Just two miles outside glorious Broadway in the Cotswolds lies 400 acres of fields and forests that make up the Farncombe Estate. Within its splendid grounds you’ll find such a broad range of accommodation – from treehouses to shepherd’s huts; from the cosseting bedrooms of award-winning hotel Dormy House (don’t miss the spa) to private self-lets with swimming pools – that you’ll be spoilt for choice. Wherever you stay, you’ll find a buzzing all-day restaurant and bar – for snacks, coffee, home-made pizzas and seriously slap-up suppers, all staffed by genuinely kind and attentive people. You’ll also not want for things to do with a whole host of activities on offer, from meeting Billy, the barn owl, in a falconry session, to trying your hand at axe throwing or clay pigeon shooting. There’s an ‘adventure field’ where kids can run amok with games, football posts and general cavorting. For less adrenaline-pumped activities, there’s the spa and yoga studio. This is not a place for pretensions, yet it so easily could have fallen into that Cotswolds trap. Bravo for that.

BOOK IT: Accommodation from £350.

Fingask Castle

Rait, Perth

Fingask Castle —perched on a Perthshire hillside with views of the River Tay and Carse of Gowrie —dates from the 11th century, and boasts gun-loops and shot-holes. Its 240-acre estate is magical —with skew-whiff topiary, a reclaimed red phone box, and Chinese bridge. Plus tinkling burns (streams) and enchanting walks midst ancient ash, oak and fir trees. It offers self-catering accommodation in the onetime stable-block cottages, erstwhile 19th century laundry (restyled as a bright holiday home), a haunted castle room with four-poster bed, potting sheds (with ensuites) beside a walled garden, and a loch-side boat house (complete with rowing boat and sauna).

Book your stay to coincide with a garden pavilion performance of the marvellous, very un-PC revue, The Follies, which author Alexander McCall-Smith says, ‘add to the sum of human happiness’. Go for composer Peter Cowdrey’s birdsong event — think guided warbler walk, recording session of twitterers in the castle’s ‘studio’ (aka its 16th century library),and a birdsong concert in its Long Gallery. Or simply swim al fresco in a pool beside forever-grazing Shetland ponies; play billiards in the games room; and ramble or shoot pheasant on the neighbouring estate with its waterfall and 360-degree views.

You’ll also feast like a laird. George Campbell & Sons, Perth, sells Michelin-restaurant quality smoked salmon and Argyll oysters. At Guardswell, you’ll select biodynamic radishes and lettuces grown by moon cycles, displayed in the back of a horsebox. Or buy local kombucha and venison sausages from the farmer’s market in the 18th century courtyard of nearby Megginch Castle.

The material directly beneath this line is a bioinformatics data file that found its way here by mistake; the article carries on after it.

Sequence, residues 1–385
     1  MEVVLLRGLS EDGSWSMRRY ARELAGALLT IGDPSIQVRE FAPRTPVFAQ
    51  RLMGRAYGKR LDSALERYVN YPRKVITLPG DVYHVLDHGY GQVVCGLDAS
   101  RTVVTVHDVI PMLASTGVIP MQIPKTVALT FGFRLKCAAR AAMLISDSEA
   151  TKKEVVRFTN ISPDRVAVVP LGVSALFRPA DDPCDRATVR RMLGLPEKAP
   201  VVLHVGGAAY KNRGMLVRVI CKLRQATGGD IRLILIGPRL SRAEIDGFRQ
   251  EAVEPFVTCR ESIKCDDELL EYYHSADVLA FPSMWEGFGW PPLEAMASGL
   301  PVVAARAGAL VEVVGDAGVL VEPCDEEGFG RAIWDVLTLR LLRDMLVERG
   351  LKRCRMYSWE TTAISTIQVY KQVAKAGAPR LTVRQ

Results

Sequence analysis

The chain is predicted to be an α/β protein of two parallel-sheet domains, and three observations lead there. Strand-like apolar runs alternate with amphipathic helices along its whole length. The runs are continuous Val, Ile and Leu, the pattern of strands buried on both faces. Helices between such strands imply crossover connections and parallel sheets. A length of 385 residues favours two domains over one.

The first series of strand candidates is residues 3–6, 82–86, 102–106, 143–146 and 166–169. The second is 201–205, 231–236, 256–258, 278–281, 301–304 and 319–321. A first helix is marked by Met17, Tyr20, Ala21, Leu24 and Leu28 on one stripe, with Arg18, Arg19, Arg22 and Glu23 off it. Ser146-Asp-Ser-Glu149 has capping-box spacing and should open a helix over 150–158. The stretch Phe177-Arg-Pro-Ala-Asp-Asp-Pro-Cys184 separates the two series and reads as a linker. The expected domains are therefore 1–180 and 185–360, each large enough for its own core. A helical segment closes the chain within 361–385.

Don’t forget to commission a bespoke wooden piece —from chess set to unique bedhead —from the estate’s talented cabinetmaker, David Young. When you’re done, relax with a hot-stone massage by Anna Saari in your cottage. Later, if you can pull yourself away from Fingask for sightseeing, there’s nearby Perth Museum, Scone Palace, and Tentsmuir Beach with its grassy dunes and endless sands. Och, you’ll love it all. By Caroline Phillips


Swinton Park, Masham, North Yorkshire

The Swinton Estate

Masham, North Yorkshire

What a dramatic entrance. As you head along the driveway you suddenly spot a baronial, grey stone pile with turrets and battlements, standing imposingly amid 250 acres of parkland full of deer (don’t despair, it has another 20,000 acres to roam about in too). Once inside, high ceilings, huge windows, dark panelled wood walls and ancestral portraits lining the wide corridors, mean it feels like stepping into an old-fashioned aristocratic world, but not in a bad way. Crackling fires fill vast grates, squashy sofas invite hours of curled up reading, the 32 bedrooms are large, comfortable and handsome. Children and dogs are welcomed, nay positively encouraged – and there’s much to do. The hotel happily provides a trail and quiz through the grounds, there’s a games room, playground, riding and birds of prey to gawp at. But, most exciting of all, is the multi-million pound spa and country club, offering a sleek and modern contrast to the main building with its indoor and outdoor pools, steam and sauna, excellent Elemis and Bamford treatments and classes that include yoga, spinning and pilates. After all that exercise, head to The Terrace, the laid back, open-all day country club eatery, offering cappuccinos and brunch in the morning all the way through to cocktails and a relaxed supper in the evening. For more formal fare, there’s Samuel’s inside the main building, a hushed dining room that serves up local produce-inspired dishes and based heavily on the hotel’s own four-acre walled garden. And all this just over a two-hour direct train ride from London, it’s a no-brainer.